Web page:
It would make sense for Portugal to seek aid from the European Union bailout fund, although such a decision will be caught up in domestic politics, European Central Bank Governing Board member Ewald Nowotny said.
Portugal's Premier Jose Socrates submitted his resignation last week after parliament rejected austerity measures proposed by his minority Socialist government to try to avert a bailout.
Today we see that unfortunately the domestic political situation in Portugal has clearly worsened, Nowotny told Austrian broadcaster ORF on Sunday.
The head of the government has stepped down. Portugal certainly has a problem in terms of competitiveness, he said, noting Lisbon needs to refinance billions of euros of debt.
From a purely economic point of view one could probably recommend it, he said, when asked if Portugal should seek an EU bailout. But as you know economic policy is also politics and in Portugal it's very much about domestic politics.
Portugal is widely expected to be the next euro zone domino to fall after Ireland and Greece, but a decision on what it might do may take weeks, if not months, because of the upheaval.
ORF said Eurogroup Chairman Jean-Claude Juncker had estimated Portugal could need up to 75 billion euros in aid. Asked whether he agreed, Nowotny said he could not give an estimate but that this was no completely unrealistic sum.
HEADING BACK TO NORMAL
On Greece, Nowotny said there were a range of risks to its recovery which were being reflected in the markets.
If we were to have better overall economic growth in Europe then I believe that Greece has a good chance to come out of this on its own, he said, adding that domestic politics and developments in the world economy could put this at risk.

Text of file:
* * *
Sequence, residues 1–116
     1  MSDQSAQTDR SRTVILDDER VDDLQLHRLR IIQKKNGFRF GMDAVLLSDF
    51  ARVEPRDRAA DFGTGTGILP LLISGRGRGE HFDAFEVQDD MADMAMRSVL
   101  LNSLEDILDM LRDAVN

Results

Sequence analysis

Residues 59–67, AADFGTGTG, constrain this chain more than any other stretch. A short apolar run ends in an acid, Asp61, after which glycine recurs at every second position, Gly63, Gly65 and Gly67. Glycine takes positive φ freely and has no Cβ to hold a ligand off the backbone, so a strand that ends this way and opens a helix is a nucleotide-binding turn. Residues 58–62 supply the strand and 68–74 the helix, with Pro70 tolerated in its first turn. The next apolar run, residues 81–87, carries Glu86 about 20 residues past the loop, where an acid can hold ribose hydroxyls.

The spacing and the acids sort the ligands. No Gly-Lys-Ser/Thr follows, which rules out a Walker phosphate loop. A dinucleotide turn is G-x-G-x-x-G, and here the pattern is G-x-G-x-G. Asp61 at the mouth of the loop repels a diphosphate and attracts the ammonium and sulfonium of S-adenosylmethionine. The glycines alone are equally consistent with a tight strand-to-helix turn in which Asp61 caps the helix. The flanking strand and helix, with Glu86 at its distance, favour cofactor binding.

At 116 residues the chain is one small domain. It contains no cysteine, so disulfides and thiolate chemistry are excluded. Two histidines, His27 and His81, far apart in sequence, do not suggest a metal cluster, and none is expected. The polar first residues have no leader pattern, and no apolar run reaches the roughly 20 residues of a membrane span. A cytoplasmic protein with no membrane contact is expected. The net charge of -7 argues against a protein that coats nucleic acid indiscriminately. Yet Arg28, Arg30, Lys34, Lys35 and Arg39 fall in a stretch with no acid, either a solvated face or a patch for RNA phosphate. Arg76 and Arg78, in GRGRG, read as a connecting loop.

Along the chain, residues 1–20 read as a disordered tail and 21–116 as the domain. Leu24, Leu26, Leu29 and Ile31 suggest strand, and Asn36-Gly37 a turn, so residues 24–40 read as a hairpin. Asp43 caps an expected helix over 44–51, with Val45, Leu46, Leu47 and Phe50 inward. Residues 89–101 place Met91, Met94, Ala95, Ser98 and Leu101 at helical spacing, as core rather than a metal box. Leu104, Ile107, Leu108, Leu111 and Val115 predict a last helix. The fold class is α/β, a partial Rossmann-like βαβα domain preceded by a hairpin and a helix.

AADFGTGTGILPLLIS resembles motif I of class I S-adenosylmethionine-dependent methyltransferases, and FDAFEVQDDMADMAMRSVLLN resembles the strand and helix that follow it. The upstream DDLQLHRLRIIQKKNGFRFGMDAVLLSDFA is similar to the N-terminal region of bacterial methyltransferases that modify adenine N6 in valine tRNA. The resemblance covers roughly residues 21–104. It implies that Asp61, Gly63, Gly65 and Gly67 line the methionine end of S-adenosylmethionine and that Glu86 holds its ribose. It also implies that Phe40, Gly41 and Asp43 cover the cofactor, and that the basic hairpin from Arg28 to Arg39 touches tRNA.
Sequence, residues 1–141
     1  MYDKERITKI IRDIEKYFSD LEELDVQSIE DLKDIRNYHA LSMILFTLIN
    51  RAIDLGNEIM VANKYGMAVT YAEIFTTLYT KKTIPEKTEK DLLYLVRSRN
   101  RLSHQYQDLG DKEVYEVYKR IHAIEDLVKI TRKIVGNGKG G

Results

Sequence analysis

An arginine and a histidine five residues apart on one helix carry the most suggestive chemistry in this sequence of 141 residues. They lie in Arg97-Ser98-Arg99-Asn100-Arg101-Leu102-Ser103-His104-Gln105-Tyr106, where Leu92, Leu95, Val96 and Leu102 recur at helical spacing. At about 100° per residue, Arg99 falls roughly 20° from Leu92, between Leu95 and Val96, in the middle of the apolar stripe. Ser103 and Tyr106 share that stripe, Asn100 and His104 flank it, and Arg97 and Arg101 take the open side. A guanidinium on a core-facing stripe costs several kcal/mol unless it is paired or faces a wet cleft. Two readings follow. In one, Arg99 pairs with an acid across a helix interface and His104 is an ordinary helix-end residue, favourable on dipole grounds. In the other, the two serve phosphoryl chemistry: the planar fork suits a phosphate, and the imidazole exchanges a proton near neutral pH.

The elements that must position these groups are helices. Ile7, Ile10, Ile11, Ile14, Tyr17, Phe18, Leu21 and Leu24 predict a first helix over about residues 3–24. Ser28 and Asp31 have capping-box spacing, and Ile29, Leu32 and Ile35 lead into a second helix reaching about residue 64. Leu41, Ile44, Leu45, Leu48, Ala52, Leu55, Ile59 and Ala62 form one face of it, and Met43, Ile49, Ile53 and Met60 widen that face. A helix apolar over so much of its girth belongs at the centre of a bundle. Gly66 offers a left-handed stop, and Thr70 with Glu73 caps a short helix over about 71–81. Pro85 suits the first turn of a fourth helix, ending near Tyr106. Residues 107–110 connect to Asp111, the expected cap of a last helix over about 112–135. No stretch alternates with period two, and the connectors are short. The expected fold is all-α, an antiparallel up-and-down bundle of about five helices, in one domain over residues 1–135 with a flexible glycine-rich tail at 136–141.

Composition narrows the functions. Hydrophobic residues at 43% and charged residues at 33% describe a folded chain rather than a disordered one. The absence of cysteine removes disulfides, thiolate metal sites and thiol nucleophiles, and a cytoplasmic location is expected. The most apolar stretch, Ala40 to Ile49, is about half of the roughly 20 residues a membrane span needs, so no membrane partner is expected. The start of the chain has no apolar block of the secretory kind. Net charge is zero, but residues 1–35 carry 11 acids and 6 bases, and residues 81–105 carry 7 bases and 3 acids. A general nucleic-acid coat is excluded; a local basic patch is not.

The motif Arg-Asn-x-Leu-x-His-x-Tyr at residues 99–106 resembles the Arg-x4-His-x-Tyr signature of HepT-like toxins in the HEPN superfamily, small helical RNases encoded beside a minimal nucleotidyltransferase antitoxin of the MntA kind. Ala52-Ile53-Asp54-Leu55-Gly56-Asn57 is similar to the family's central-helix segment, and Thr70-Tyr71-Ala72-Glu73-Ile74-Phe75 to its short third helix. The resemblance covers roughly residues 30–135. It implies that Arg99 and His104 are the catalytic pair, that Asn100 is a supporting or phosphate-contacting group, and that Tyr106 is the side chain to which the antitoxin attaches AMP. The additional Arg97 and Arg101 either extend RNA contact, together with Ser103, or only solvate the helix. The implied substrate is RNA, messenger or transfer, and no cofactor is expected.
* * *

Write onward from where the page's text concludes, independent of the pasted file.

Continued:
Asked if Greece might have to restructure its debt, Nowotny said: We believe that Greece will be able to manage but we know, as experienced economists, there is always a risk.
In terms of the whole euro zone, the ECB is watching energy prices and wants normal monetary policy back, Nowotny said.
The ECB is examining Japan's crisis and the Middle East unrest for potential effects on the euro zone although it will probably stick to its overall goal to bring rates within a normal range and continue to withdraw liquidity measures brought it to fight the financial crisis, he said.
My personal opinion is that ... nothing will change in terms of our original outlook -- that we want to go in the direction of normalization, he said.
He said events in the Middle East were more relevant to the euro area than Japan because of their influence on the oil price and that very high energy prices were on the ECB radar.
What is important for us is that no second-round effects come, he said. We are watching this development extremely closely.